Moose Mountains Regional Greenways
Box 191, Union, NH 03887
CONTACT: Virginia C. Long, office: 603-473-2020 home: 603 652-9559
FOR IMMEDIATE RELEASE
Date: June 7, 2017
It’s not often that the town of Milton has a grand opening event and the one held on a Saturday morning in mid-May wasn’t your typical store or restaurant opening but was titled ‘Grand Opening of Plummers Ridge Forest and Farms Hiking Trails’. The event was extremely popular, with over 80 attendees packing the yard of the NH Farm Museum, which offered a staging area for celebratory remarks and complimentary food. After tasting cider donuts from McKenzie’s Farm, participants headed out on some of the newly-blazed trails, starting at the new Branch Hill Farm trailhead kiosk just across the road (White Mountain Highway / Route 125), then returned for a hearty chili lunch
Almost seven miles of trails meander through 400 managed acres of forests and fields and along the Branch River, connecting the adjacent Plummers Ridge lands of Branch Hill Farm, McKenzie’s Farm and the New Hampshire Farm Museum. To keep the hiking parties of manageable size, Cynthia Wyatt and Kari Lygren of Branch Hill Farm each guided a subset of participants along a different trail loop, Mark Foynes of the NH Farm Museum took a group on a tour of Farm Museum trails, and forester Charlie Moreno of Moreno Forestry Associates led the largest group. He showed hikers the new scenic overlooks on a trail following the Branch River, while stopping en route to talk about forestry practices recently implemented at Branch Hill Farm to improve the forest quality and wildlife habitat.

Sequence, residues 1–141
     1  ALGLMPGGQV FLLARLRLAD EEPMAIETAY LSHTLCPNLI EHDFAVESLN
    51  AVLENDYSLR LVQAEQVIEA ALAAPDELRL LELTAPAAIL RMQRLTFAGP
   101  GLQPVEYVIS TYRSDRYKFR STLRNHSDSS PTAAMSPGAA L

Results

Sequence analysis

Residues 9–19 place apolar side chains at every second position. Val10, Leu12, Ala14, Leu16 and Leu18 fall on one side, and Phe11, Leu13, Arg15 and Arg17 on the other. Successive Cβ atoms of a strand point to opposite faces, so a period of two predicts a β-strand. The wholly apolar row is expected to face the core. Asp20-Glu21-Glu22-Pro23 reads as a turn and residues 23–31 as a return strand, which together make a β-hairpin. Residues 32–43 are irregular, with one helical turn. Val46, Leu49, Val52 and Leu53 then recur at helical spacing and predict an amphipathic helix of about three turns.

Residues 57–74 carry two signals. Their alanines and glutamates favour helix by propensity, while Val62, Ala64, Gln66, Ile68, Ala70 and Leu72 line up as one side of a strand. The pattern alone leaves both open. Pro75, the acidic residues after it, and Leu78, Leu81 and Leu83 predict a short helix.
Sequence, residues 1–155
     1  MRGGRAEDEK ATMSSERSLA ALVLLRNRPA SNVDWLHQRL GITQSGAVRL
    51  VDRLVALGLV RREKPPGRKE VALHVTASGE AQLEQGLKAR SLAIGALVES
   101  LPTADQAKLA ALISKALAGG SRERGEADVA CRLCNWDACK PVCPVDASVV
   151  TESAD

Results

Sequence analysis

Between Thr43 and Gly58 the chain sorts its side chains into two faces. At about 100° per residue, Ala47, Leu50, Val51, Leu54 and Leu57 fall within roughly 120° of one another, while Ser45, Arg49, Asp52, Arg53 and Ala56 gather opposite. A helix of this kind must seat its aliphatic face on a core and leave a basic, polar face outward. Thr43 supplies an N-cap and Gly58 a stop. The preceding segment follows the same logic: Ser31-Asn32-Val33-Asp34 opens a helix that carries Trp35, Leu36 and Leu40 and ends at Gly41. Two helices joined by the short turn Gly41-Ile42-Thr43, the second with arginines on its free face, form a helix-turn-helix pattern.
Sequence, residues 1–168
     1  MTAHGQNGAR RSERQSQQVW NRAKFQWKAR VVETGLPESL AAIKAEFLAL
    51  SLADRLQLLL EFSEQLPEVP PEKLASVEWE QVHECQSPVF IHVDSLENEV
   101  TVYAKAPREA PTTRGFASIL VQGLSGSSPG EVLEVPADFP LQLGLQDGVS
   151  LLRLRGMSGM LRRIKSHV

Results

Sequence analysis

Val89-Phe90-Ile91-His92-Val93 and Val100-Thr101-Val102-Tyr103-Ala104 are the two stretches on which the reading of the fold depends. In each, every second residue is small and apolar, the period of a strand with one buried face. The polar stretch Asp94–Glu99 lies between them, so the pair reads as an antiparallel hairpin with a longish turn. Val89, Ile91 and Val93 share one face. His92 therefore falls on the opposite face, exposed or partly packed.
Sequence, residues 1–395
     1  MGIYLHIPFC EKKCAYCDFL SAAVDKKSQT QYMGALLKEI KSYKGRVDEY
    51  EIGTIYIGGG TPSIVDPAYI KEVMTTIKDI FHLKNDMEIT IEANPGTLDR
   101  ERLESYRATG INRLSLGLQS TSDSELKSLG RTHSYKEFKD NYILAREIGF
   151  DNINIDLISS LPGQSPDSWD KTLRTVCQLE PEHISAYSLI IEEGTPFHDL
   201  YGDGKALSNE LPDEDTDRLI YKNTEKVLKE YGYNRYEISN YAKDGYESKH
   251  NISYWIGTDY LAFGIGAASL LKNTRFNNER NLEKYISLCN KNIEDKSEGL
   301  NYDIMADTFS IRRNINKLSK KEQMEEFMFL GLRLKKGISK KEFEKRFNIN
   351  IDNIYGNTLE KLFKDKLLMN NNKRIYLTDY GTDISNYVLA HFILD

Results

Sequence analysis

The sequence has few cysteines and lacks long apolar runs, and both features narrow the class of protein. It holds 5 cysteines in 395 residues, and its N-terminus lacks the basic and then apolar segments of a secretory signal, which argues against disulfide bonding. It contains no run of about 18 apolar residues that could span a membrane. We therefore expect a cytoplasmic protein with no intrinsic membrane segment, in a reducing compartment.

One of Moreno’s first stops was at the ‘Tree Cookies’ sign, on which are affixed several thin slices, resembling cookies, cut from trunks of different tree species. By counting the visible tree rings and examining their spacing, much can be learned about the conditions in which the tree grew. Tightly spaced rings indicate slow tree growth that may be characteristic of the species or else caused by detrimental conditions such as drought or over-crowding and lack of sunlight. As pointed out by Moreno, a forest of trees needs to be thinned to promote their best growth, just like any garden.
Milton Mills resident Rachel Towne was enthusiastic about the event and the new trails. “I really like to see this kind of collaboration and the Grand Opening event to celebrate and inform people about the trails was a wonderful idea,” she said.
The public is welcome to walk, snowshoe or ski these trails connecting the three privately owned farms, but asked to please stay on the trails, which have been carefully routed to protect sensitive areas such as wetlands and stream banks that could erode. Visitors are also requested to leash and clean up after pets. Multiple trail loops offering options for distance, scenery and destination are shown on a detailed map with color-coded trails and marked points of interest, including the ‘Tree Cookie’ sign, the scenic overlooks, the old Jones and Plummer Family Cemeteries, and some cellar holes. Printed maps are available at McKenzie’s Farm, the NH Farm Museum, and at the trailhead kiosk across the road from the Museum.
The event was co-sponsored by regional land trust Moose Mountains Regional Greenways. The Farms thank Eagle Scout Stephen Steer and Milton Boy Scout Troop #155 for constructing and installing trail signs and a kiosk.